It is paramount that the DNN Platform, if it wishes to survive as the web application framework of choice, needs to have its own development roadmap. Many livelihoods depend on its continued relevance. Not just DNN Corp. And we've discovered in the past 5 years that whatever roadmap DNN Corp had for it, does not always correspond with what the community was asking for. I've seen many colleagues leave our community and migrate to other technologies in despair. And that is sad. Not just because there are less companies building stuff using DNN, but because we're saying goodbye to friends. People we've built up relationships with as fellow DNNers who no longer feel the platform is the best tool to do the job they need done. And before this platform becomes irrelevant we need to take action.
Whenever discussing the future of the DNN platform from the community perspective, the elephant in the room is "forking". Forking means we (the community) take the current codebase of the platform, rename stuff to get rid of the "DotNetNuke" trademarked name, remove any non-open source bits and release as a totally new platform that we then will need to grow and maintain. This is a huge undertaking. But over the past year I've been quite vocal about the fact that there might come a time when we don't have a choice. But for now the downsides are just bigger than the upsides. So instead of "the nuclear option" we should, in my opinion, first exhaust all other options. I.e. we need to see if we can make it work with DNN Corp. Or more specifically, we need to work towards a situation where enough independence is there to make it work for us.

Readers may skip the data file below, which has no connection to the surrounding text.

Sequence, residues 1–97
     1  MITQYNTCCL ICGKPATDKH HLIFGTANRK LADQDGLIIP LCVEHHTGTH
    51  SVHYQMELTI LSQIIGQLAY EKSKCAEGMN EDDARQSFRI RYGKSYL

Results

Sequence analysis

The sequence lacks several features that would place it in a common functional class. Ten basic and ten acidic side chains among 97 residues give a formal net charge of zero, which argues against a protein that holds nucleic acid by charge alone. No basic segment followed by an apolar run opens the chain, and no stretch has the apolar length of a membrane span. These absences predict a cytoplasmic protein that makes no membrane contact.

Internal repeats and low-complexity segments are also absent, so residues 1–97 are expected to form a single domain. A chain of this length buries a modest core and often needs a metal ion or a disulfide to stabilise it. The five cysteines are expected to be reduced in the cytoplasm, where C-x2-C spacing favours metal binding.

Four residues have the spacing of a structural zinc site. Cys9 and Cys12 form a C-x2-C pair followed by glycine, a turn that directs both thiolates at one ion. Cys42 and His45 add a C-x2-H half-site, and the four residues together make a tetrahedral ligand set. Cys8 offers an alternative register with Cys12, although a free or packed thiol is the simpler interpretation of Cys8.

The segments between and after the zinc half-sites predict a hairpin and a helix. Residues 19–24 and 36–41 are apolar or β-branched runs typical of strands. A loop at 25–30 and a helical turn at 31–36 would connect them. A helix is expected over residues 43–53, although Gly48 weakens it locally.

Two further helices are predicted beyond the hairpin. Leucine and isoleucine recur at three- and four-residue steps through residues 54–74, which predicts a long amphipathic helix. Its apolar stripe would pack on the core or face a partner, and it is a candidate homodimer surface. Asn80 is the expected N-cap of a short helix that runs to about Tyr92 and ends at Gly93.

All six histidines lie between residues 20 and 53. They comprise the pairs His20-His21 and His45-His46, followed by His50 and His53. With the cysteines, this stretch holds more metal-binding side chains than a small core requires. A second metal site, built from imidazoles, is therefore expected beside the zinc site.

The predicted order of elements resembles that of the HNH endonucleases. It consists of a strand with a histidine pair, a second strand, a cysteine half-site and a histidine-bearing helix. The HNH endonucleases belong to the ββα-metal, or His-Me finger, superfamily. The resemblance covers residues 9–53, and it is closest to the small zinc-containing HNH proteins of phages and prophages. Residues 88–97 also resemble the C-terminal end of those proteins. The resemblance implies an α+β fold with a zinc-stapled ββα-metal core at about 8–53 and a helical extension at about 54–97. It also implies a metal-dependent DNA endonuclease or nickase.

So where do we start? Well, in one of his first actions Joe has introduced "community committers". These are people from the community with access to the DNN platform source code on Github and who will have the permission to accept and integrate code contributions. As you know, DNN Corp has moved the DNN Platform source code to Github last year so that it became easier for members of the community to submit so-called "pull requests". These are basically proposals for changes to the source code. Until now, just a couple of people were looking at these requests and acting as "gate keepers". These people could actually change the source code of DNN Platform on Github. Until now only a select group of DNN Corp employees could change the core codebase. In what I can only see as a major shift, 3 of us (i.e. from the DNN community) now have the same right: Brian Dukes, Vicenç and myself.